Dawn | 9 April 2018
Why we don’t need an FTA with China
by Mubarak Zeb Khan
Pakistan has missed a self-imposed deadline for deepening trade liberalisation with China in April because of stiff resistance from the business community.
The PML-N constituency consists mostly of businessmen from urban areas of Punjab. Therefore, the incumbent government cannot afford to take a decision to further liberalise 67 per cent of Chinese trade volume under the second phase, a move that may have send a negative message to voters.
The deferment is the outcome of both business pressure and economic justification.
At the conclusion of the 9th round, under the second phase of the free trade agreement (FTA), Pakistan was expecting unilateral concessions on priority items. “We have listed several items, mostly agriculture products, to get market access for under the second phase of the FTA”, a senior commerce ministry official had said.
While the Chinese sides has initially hinted at concessions on these items, in the 10th round held last week in Islamabad, the Chinese delegation declined Pakistan’s request. This was also one of the reasons for delaying the second phase.
The only agreement that reached during the last round was willingness from China to restore the eroded margin of preference on Pakistan’s top 57 priority export items immediately upon entry into the second phase.
Pakistan and China started negotiations on the second phase of the Pak-China FTA in 2011. So far, 10th meetings have been held in this regard. China was not willing to offer Pakistan substantial market access on items of Islamabad’s interest.
An official analysis of the commerce division shows that while Pakistan’s exports to China increased from nearly $575 million in 2006-07 to around $2.6bn in 2012-13, they have since then experienced a decline.
One of the main factors for the decline was China’s subsequent FTAs with other countries/regions, especially with ASEAN in 2010-11, allowing Pakistan’s competitor Vietnam and India much deeper concessions thereby eroding the country’s margin of preference.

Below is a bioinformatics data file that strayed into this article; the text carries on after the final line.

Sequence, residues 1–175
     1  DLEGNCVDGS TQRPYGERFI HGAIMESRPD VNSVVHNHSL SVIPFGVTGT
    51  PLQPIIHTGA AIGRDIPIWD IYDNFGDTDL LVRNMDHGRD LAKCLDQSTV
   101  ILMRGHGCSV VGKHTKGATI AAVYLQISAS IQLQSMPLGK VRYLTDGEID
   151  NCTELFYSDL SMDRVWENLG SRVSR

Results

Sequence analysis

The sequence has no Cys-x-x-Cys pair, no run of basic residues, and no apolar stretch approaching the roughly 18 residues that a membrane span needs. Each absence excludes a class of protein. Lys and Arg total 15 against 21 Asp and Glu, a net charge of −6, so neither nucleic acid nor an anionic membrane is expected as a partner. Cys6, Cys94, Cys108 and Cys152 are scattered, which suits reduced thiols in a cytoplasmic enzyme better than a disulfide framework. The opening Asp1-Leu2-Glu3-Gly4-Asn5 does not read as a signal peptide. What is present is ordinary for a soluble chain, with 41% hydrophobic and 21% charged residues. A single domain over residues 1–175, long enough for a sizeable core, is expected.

While it is possible that changes in tariff are solely responsible for the decline in exports to China, an oft ignored factor is the overall decline in cotton yarn production that the country faces, since Pakistan’s major export item to China was cotton yarn/fabric. The unpredictability in supply from Pakistan seems to have been filled-in by Vietnam and India.
Secondly, the main export basket reveals that Pakistan was a major exporter of raw materials and semi-finished products to China as, in the first phase of FTA, China did not help to encourage or accelerate export of value added products from Pakistan.
Thirdly, the Pak-China FTA also did not help to enhance domestic production. Instead exports of these products were diverted from other countries to China because of preferential duties. And the products identified for the second-phase will also discourage the re-location of industries in the special economic zones.
Tariffs are no longer the main tool to increase exports. Product sophistication, innovation, and predictability in supply are essential to achieve the target.
On the other hand, imports from China increased from around $3.5bn in 2006-07 to nearly $14bn in 2016-17, exhibiting an increase of almost $10.5bn. The commerce division analysis reveals that around 40pc ($5.6bn) of this increase was registered in those products which had little or no concessions and hence cannot be attributed to the FTA.
The remaining 60pc constitute capitals goods and intermediate/raw materials which attract the zero per cent duty. “We cannot stop the surge in imports from China despite slapping regulatory duties”, a tax official said, adding the major threat to Pakistan’s economy is from under-invoicing from Chinese exporters.
The trade deficit with China will go up whether Pakistan opts for the second phase or not. The analysis reveals that the surge in imports was witnessed in mostly those products which are not under the first FTA.
It is therefore not imperative that Pakistan push further to deepen concessions for the Chinese as it will be at the cost of local industries.
While the commerce division states that the country shall regain market access for its raw materials, especially cotton yarn/fabric, the changing realities must not be ignored. Tariffs are no longer the main tool to increase exports. Product sophistication, innovation, and predictability in supply are essential to achieve the fact.
The China-Pakistan FTA on trade in goods was signed in November 24, 2006 and implemented from July 1, 2007. The FTA covers nearly 7,000 tariff lines at the 8-digit level of the HS code.
During the first three years of implementation of Phase-I, both sides reduced tariffs on almost 36pc tariff lines to zero per cent duty. The second phase was supposed to commence from 2013.
Currently, Pakistan’s major exports to China include raw materials and semi-finished textile goods like cotton yarn, rice, raw hides and skins, crude vegetable materials, chemical materials, crude minerals, fish and fish preparations.